Blue Jean Quilt
A blue jean quilt is a frugal and fun quilting project. It is a great way to recycle old blue jeans. This quilt project is easy to make if you have a sewing machine and basic sewing skills. The quilt is made of squares, the denim from the blue jeans and a contrasting fabric. You will enjoy the simplicity of squares. They are easy to cut out, easy to sew together and make a wonderful old fashioned addition to a home.
An old pair of blue jeans has a lot of life left. They may be thin in some places, but still have wear in others! To make a recycled blue jean quilt begin by saving all of the old blue jeans or denim jumpers that your family no longer wears until you feel like you have enough to make a quilt. If you are in a hurry to make this project then you can start by buying jeans from garage sales and thrift stores. I have seen jeans for as little as 10 to 25 cents a pair at garage sales.
When you have enough jeans collected it is time to choose what size square to make. Usually I will choose one that is anywhere from 3 to 5 inches. Make a template, or pattern, of that size square out of a piece of cardboard making sure to add an extra ľ inch around the sides for seam allowances.
One of the first things to determine is how big you want your quilt and how many squares you need. I usually find a blanket, comforter or quilt that I already own that is about the size I would like to make my quilt and I measure it. If you take that width and divide it by the size of your squares that will tell you how many squares you need (25 inch width divided by a 5 inch square = 5 squares across). Do the same for the length. Multiply the squares across by the squares down and that is the total number of squares to cut out. You will want approximately half the number of squares done in denim and half in a contrasting fabric. I tend to cut out more than I need just to make sure I have extra for any changes I may want to make as I make my quilt.
Next it is time to get the jeans ready. Cut open the legs of the jeans and then lay the material flat on the table and begin cutting out squares using your template. I like a little variety with my squares and so I will cut out squares over pockets, or side seams, or over buttons on jumpers just to add a bit of cuteness. I have one quilt I made for one of my sons and I took an old pair of his baby bib overalls that had a little train embroidered on the bib section and cut a square with the train on it. It also had a neat little side pocket on one of the legs I was able to incorporate into a square. So have a little fun cutting out your denim squares!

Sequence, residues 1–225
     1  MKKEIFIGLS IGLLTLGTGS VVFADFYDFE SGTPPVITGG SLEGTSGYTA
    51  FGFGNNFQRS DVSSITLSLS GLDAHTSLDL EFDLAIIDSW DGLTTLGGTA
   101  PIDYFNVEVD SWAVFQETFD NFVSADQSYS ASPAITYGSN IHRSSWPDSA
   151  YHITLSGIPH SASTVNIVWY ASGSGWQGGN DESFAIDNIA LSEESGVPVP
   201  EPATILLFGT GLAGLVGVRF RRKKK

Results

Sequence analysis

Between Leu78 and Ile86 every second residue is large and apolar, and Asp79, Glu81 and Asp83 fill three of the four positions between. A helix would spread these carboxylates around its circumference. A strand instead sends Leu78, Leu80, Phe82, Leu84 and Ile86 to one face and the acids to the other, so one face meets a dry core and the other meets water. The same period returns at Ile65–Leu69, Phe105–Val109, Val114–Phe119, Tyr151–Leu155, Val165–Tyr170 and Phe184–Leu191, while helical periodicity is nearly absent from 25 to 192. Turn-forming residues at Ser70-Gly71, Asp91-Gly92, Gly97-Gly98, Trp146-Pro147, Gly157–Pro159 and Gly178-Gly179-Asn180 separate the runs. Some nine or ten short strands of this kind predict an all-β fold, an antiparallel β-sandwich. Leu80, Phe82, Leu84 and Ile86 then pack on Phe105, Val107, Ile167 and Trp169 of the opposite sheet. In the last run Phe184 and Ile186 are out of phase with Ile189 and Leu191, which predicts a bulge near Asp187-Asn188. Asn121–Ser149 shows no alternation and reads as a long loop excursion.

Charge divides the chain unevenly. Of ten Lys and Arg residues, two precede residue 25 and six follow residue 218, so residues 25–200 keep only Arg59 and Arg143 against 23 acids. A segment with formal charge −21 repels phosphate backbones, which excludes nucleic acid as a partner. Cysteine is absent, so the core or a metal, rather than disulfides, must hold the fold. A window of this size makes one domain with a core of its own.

The next step is to choose a contrasting fabric. I always think flannel goes great with denim. In my area Wal-Mart seems to consistently sell flannel fabric for $1 a yard. That could be a lot of quilt squares for a couple of dollars! If youíre making a quilt for one of your children you could choose the plaid flannel prints for the boys or calico flannel print for the girls. Flannel is not the only fabric that works well, any cotton will do the job. So your choices for contrasting fabric are varied and many! Cut out all your contrasting squares.
Once all the squares are cut out, it is time to sew; one denim square, one contrasting square and so on. Or you could come up with your own design. Once you start playing around with squares you will be amazed at all the variety!
For batting you can purchase batting from the fabric store or you can use an old blanket. I have done both. The backing fabric can be the contrasting fabric of your squares or a solid color that compliments the quilt. You may have to sew pieces of the backing fabric together if your quilt is on the larger size. I have also used sheets. When I used flannel as the contrasting fabric I used a flat flannel sheet for the backing.
It is now time to assemble the quilt. When your quilt top is done lay it flat on a large surface such as the floor or bed, with the right side facing up. Now take the backing piece of the quilt and place it with the right side of the fabric towards the right side of quilt top (right sides are facing each other). Now lay the batting on the top of this.
Pin the quilt or better yet, sew it by hand with large basting stitches to hold the three layers together firmly. This is important because you donít want the layers to slip around when you sew them together. Now take the quilt to your sewing machine and begin to sew around the edges catching all 3 layers. Stop sewing well before reaching the area you started so you can turn your quilt right side out. Remove pins and basting stitches and turn right side out. You may need to push out the sewn edges and iron them a bit so everything lays flat.
Now iron the raw edges of the open area inward and either by hand or machine, sew the opening closed.
The last step is to tie your quilt. Find a nice yarn that you like and a big needle. To tie your quilt you pick evenly spaced spots on your quilt and sew down through all three layers and back up in close to the same spot. Cut your yarn and tie firmly. I usually tie twice. Now move onto the next spot. On a quilt made with squares this is fairly easy to do as you can put your ties where the corners meet. It is not necessary to do every row of squares, but you want enough places tied that your quilt can be washed and washed without the batting inside shifting around.
Once the tying is done your quilt is finished! What a great feeling to take something that still had life (those old blue jeans) and turn it into a useful and pretty item for your home!!
Here is a picture of one I made a couple of years ago..